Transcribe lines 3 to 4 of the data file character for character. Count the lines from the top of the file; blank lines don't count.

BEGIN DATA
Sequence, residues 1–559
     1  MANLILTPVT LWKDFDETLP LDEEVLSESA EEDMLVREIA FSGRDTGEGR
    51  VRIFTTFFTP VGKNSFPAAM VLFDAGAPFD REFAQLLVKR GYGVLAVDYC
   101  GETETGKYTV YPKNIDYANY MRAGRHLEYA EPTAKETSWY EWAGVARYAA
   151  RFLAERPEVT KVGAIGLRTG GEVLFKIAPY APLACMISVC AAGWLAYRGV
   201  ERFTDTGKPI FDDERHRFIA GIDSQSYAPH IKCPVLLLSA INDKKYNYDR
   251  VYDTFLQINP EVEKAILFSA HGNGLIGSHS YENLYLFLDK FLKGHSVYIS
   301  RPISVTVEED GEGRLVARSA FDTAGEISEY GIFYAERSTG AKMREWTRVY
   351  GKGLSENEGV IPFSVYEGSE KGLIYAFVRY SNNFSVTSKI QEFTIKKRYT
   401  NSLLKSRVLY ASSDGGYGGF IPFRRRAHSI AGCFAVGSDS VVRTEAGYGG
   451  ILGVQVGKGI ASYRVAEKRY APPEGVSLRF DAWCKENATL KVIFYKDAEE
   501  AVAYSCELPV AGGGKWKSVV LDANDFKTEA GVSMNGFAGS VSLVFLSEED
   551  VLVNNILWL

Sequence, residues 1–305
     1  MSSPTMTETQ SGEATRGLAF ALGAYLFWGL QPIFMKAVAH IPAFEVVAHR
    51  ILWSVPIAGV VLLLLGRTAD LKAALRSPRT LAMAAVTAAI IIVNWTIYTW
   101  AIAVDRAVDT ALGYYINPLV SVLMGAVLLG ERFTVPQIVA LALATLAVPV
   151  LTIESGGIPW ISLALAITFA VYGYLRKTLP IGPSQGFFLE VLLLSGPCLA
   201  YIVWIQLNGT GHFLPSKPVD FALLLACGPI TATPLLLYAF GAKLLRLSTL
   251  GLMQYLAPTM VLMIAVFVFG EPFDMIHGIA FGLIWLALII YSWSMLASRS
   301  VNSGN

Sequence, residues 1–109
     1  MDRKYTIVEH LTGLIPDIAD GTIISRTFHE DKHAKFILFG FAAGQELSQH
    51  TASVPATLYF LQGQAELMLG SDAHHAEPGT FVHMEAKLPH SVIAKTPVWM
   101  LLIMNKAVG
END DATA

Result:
    51  VRIFTTFFTP VGKNSFPAAM VLFDAGAPFD REFAQLLVKR GYGVLAVDYC
   101  GETETGKYTV YPKNIDYANY MRAGRHLEYA EPTAKETSWY EWAGVARYAA